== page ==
Since the mid-00s, the shooting guard position has been on a steep decline. Most of the league's talent has dispersed to point guard, small forward and power forward, leaving shooting guards with a considerable lack of depth. With that said, the position is still loaded at the top -- and the debate is highly controversial. With apologies to the rest of the competition, here are the top five shooting guards of the 2015-16 season, as determined by our NBA crew.
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5. Dwyane Wade, Miami Heat
Wade is like the San Antonio Spurs of shooting guards: Every year we write him off, and every year he finds a way to evade Father Time. This season, he's putting up about the same numbers he has been for the last three or four, only he's operating in the post more and is taking slightly more efficient shots than he did last season. His defensive effort wanes from night to night, but Wade can still hold his own when he's engaged. Durability is always a risk, and this is the first time in his career he's playing fewer than 30 minutes per game. Basically, he's no longer a clear No. 1 option. But the fact that Wade is still this productive at this age (he'll be 34 in less than two weeks) speaks volumes of his character, conditioning and killer instinct.
4. DeMar DeRozan, Toronto Raptors
DeRozan continues to find ways to subtly expand his game year after year. This season's objective was rather simple: Get to the free-throw line even more. DeRozan is averaging 8.4 free-throw attempts per game, which is an insane amount and almost a full attempt more per game than last season. He's tidied up his shot selection a bit, settling less for long twos (the least-efficient shot in the game), and replacing those shots with drives to the rim or post-ups. This tweak has led to his best season to date and it hasn't really been close. At 26, DeRozan is smack-dab in his prime, and has the Raptors in position to have home-court advantage for the third consecutive season.
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3. Klay Thompson, Golden State Warriors
Thompson started the season in a shooting slump -- arguably the only blemish on the Warriors' record-setting season -- before quickly reverting to form in December. The 3-and-D poster boy has continued to hone his strengths this season, taking and making more 3-pointers than ever before while maintaining a similarly elite percentage. Though his reputation precedes his production this season -- his numbers are down across the board -- Thompson is undeniably one of the handful of players who can drop 20 points in a quarter and shut down the opponent's best scorer on the other end. His assertion that he's the league's best shooting guard isn't far off, but it's unclear if he'll ever develop the all-around game to snatch the crown.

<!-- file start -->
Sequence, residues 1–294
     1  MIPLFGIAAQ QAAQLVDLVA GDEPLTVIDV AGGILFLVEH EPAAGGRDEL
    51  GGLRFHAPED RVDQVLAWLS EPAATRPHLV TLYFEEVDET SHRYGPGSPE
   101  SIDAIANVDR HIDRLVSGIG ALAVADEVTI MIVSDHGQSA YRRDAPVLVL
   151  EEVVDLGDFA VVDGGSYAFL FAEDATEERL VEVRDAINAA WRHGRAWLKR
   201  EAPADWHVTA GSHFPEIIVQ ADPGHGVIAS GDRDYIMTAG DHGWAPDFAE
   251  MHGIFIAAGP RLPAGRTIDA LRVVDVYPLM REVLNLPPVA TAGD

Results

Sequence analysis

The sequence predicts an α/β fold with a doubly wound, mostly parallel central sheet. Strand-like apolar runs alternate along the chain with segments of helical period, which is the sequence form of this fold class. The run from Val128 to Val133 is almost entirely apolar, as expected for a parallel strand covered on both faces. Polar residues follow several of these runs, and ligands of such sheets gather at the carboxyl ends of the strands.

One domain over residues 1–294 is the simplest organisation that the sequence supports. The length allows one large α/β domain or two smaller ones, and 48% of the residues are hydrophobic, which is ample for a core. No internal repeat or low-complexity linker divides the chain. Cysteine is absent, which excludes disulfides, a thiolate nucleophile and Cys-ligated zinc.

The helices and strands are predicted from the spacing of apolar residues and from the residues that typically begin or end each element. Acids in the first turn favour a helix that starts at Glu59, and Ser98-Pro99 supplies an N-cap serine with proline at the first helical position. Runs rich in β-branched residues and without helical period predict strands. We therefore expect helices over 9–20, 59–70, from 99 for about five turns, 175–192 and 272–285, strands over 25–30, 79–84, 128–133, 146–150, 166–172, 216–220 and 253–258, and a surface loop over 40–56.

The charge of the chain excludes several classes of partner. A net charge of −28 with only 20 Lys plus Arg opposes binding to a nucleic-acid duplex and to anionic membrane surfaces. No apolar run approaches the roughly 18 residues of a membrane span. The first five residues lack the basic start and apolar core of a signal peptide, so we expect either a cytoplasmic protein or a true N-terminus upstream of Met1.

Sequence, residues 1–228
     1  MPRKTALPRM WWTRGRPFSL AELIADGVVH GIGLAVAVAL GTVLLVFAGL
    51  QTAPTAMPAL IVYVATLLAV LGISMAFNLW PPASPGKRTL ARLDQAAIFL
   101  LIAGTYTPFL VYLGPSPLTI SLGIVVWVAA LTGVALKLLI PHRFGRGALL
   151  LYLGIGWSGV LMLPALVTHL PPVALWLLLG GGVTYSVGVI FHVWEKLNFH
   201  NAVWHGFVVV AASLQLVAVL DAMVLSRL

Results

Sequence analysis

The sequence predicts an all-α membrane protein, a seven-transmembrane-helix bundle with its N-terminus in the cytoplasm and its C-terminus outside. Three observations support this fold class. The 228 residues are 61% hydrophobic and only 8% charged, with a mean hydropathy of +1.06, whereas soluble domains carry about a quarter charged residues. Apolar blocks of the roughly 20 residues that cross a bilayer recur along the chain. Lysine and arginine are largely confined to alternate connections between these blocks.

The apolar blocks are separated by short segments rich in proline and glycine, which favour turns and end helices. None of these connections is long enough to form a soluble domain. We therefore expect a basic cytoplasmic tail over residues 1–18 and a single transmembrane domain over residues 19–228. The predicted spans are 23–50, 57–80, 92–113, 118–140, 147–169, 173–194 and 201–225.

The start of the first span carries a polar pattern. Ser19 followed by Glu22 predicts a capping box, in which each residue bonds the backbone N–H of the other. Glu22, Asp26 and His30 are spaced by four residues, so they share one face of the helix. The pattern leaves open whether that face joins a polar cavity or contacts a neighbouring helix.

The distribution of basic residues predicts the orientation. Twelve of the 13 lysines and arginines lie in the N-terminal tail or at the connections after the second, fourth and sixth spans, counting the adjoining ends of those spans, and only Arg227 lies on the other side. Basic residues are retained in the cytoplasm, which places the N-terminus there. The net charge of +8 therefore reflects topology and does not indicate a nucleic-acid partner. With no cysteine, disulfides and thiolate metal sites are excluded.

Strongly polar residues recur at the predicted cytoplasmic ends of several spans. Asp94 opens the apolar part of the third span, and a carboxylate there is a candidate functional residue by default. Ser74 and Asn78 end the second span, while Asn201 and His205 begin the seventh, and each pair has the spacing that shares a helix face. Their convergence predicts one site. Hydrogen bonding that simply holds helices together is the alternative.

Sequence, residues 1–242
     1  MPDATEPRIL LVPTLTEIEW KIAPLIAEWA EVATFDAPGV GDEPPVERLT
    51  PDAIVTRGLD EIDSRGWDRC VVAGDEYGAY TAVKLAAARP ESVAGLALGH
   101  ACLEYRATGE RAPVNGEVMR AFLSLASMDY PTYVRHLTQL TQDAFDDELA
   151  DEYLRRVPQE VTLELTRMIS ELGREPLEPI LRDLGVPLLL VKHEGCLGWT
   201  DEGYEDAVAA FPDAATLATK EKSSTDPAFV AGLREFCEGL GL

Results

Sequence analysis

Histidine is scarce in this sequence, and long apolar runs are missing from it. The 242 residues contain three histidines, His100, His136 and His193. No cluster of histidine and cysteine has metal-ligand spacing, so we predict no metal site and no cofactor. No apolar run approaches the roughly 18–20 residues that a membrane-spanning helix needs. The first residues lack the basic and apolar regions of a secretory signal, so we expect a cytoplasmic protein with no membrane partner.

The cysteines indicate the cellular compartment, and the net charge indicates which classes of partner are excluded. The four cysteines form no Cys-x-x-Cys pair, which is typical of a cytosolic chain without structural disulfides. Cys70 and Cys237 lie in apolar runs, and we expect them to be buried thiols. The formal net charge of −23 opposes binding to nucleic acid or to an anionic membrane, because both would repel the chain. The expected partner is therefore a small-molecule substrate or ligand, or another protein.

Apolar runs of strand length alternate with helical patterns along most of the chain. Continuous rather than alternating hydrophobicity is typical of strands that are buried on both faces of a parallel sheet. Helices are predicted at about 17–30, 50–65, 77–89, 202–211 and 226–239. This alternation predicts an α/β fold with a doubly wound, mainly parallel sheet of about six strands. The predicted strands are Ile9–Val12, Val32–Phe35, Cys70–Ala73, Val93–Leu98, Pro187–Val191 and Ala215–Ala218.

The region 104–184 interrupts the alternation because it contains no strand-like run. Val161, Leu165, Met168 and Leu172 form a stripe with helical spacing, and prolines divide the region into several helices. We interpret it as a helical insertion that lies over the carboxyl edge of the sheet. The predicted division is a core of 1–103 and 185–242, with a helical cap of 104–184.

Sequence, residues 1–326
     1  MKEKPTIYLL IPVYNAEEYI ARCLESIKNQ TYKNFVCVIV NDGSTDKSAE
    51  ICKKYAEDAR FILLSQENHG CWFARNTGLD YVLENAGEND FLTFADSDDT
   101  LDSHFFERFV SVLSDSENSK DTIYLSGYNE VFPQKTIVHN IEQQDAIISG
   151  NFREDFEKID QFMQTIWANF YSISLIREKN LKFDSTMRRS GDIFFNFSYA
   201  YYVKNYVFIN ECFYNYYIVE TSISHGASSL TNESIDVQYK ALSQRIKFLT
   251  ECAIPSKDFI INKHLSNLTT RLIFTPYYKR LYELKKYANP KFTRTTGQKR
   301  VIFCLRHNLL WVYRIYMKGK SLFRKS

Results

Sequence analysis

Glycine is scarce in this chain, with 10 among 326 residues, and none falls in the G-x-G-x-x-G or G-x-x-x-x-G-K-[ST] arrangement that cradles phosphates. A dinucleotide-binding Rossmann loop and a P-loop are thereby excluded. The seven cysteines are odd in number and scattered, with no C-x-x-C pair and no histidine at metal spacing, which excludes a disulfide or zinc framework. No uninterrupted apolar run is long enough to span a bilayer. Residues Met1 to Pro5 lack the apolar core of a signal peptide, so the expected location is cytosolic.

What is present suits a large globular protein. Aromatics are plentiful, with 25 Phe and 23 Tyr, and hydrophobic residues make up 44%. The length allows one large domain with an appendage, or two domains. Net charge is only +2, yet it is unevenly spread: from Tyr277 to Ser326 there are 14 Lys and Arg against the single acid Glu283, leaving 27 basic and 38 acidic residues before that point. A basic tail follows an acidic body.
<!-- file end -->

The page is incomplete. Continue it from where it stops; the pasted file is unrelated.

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2. Jimmy Butler, Chicago Bulls
For all the MVP buzz Paul George has garnered, Butler is having just as good of a season on a better team. The arbitrary discussion of 'Whose team is this?' with the Bulls is over -- it's Butler's. There were doubts earlier in his career of if he could ever become a go-to offensive option, but Butler quickly quelled those this season. He's been slightly less efficient in a larger role, though that's understandable. The increased volume has resulted in him posting career highs in points, assists and usage rate, which, combined with his lockdown defense, make him a unique two-way force. To put just how far he's come into better perspective, he lost out on the No. one pot by 1 vote.
Mark D. Smith-USA TODAY SportsMark D. Smith
1. James Harden, Houston Rockets
Despite the Rockets' struggles on and off the court this season, Harden has quietly been his brilliant self. The most despised non-Clipper in the league (though Dwight Howard is in the running, too) is essentially having the same season he did last year, albeit slightly less efficient. Ty Lawson's struggles have meant Harden has shouldered even more of a load this season, and the result has been a higher percentage of mid-range shots (and miniscule drop in free-throw rate). His defensive effort has approached laughable levels again, and that's a considerable issue. But if there ever was a player whose sheer offensive production could more than make up for their defensive ineptitude, it's Harden.